Urban regions are among the most humanaltered environments on Earth and they are poised for rapid expansion following population growth and migration. Identifying the biological traits that determine which species are likely to succeed in urbanized habitats is important for predicting global trends in biodiversity. We provide the first evidence for the intuitive yet untested hypothesis that relative brain size is a key factor predisposing animals to successful establishment in cities. We apply phylogenetic mixed modelling in a Bayesian framework to show that passerine species that succeed in colonizing at least one of 12 European cities are more likely to belong to big-brained lineages than species avoiding these urban areas. These data support findings linking relative brain size with the ability to persist in novel and changing environments in vertebrate populations, and have important implications for our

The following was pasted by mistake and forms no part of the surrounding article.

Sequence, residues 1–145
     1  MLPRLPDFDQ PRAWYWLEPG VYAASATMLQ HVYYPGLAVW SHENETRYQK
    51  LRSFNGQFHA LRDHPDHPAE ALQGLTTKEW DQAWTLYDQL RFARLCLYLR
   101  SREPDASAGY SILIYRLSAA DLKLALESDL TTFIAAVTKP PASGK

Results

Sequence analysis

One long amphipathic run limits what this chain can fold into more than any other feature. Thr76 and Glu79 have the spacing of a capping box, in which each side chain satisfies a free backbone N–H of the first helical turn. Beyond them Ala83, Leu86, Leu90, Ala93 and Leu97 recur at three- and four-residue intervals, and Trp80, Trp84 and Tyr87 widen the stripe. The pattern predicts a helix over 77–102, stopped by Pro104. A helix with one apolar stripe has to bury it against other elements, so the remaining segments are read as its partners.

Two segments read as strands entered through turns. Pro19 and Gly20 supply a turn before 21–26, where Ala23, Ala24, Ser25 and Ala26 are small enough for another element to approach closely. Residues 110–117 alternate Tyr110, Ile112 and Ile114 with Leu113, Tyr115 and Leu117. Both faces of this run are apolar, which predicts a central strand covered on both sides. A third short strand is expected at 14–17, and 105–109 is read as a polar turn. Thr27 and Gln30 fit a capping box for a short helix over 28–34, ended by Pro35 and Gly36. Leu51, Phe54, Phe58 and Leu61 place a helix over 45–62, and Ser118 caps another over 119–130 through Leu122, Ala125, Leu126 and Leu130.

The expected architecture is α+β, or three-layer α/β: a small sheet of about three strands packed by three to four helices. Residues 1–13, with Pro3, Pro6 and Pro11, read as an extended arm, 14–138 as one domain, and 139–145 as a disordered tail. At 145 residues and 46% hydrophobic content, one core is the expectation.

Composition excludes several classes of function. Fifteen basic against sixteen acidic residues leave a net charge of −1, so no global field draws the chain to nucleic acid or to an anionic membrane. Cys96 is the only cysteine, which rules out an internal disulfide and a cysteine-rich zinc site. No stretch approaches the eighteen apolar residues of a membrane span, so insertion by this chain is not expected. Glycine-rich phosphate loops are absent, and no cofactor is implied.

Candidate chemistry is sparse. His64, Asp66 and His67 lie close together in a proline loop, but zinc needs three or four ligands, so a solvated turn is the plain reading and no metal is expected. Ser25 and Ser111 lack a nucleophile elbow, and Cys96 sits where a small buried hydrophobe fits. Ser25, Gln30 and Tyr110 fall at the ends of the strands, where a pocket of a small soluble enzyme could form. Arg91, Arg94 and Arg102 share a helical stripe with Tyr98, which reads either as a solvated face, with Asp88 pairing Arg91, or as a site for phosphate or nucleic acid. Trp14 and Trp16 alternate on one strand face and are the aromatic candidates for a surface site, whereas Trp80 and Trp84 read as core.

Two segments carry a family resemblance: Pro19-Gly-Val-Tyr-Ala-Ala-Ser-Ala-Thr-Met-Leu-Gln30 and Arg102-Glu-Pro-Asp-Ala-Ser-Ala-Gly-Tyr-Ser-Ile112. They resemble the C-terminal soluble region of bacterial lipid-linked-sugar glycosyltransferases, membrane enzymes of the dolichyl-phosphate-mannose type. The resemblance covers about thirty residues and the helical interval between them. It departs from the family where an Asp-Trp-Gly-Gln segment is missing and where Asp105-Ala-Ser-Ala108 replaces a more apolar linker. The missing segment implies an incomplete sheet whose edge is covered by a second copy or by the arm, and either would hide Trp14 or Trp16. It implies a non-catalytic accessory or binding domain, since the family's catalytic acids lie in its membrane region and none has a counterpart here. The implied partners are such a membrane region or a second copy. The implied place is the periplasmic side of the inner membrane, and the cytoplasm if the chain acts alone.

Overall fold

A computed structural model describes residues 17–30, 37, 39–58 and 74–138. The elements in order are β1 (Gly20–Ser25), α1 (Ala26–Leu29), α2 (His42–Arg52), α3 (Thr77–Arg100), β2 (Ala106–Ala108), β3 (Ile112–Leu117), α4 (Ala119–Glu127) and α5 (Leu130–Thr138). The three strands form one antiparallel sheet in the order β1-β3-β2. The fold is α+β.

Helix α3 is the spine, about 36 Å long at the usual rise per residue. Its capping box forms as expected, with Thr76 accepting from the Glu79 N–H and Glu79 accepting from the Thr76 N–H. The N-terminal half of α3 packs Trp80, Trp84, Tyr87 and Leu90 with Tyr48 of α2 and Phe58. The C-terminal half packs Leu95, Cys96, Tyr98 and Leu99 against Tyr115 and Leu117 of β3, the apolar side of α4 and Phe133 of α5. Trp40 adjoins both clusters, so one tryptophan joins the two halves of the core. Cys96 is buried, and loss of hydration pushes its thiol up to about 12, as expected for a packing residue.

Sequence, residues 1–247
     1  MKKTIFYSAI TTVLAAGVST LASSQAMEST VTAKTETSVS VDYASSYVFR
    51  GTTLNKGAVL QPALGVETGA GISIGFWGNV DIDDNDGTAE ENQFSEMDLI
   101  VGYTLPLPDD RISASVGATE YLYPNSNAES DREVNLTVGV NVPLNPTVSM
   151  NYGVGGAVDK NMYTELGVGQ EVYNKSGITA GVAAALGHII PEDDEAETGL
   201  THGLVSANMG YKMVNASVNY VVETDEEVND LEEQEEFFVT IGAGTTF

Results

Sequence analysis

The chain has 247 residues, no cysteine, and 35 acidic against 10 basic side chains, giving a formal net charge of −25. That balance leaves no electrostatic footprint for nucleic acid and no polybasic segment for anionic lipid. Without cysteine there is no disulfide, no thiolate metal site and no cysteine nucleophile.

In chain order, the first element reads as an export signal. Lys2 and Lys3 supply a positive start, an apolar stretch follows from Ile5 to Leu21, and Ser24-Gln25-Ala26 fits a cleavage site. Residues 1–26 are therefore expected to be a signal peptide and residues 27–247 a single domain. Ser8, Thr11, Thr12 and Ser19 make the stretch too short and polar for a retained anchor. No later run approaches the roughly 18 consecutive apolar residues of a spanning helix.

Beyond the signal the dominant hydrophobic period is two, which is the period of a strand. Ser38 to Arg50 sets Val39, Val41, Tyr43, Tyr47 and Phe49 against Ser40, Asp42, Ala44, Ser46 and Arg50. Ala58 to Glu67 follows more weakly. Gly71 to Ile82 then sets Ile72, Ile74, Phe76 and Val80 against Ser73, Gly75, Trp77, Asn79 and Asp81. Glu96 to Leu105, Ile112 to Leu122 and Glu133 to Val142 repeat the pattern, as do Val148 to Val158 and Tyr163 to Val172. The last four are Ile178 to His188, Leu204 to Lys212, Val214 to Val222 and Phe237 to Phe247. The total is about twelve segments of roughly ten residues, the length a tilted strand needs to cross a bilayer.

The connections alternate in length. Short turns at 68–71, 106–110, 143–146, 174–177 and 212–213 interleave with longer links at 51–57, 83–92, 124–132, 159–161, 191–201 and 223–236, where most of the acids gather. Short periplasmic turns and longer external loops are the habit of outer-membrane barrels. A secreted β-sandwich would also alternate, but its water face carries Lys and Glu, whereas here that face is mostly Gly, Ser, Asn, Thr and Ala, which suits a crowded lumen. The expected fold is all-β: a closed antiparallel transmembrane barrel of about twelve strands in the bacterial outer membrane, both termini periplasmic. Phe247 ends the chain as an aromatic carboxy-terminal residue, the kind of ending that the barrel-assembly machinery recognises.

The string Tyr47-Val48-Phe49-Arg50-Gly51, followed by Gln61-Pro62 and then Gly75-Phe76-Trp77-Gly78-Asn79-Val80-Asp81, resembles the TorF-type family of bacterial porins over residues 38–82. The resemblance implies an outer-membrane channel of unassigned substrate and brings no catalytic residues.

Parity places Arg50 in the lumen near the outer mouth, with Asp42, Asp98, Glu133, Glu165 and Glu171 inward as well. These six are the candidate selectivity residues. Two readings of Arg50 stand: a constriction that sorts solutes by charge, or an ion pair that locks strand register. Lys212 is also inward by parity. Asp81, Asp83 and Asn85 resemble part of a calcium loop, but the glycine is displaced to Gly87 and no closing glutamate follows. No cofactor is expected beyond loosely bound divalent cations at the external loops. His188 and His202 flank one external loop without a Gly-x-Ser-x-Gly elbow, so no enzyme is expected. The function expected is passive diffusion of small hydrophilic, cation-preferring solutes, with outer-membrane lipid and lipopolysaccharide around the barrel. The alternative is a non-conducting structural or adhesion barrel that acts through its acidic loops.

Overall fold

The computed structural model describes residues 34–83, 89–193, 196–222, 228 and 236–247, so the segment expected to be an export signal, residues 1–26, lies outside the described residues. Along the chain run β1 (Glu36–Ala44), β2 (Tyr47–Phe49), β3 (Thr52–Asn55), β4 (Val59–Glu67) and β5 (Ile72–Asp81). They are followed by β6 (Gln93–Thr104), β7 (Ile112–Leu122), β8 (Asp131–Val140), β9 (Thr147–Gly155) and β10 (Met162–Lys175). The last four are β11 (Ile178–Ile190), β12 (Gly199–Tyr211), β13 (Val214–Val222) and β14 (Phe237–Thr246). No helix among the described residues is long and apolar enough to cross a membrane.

Maklakov, A. A., Immler, S., Gonzalez-Voyer, A., Rönn, J. and Kolm, N. 2011. Brains and the city: big-brained passerine birds succeed in urban environments. Biology Letters. 7: 730-732.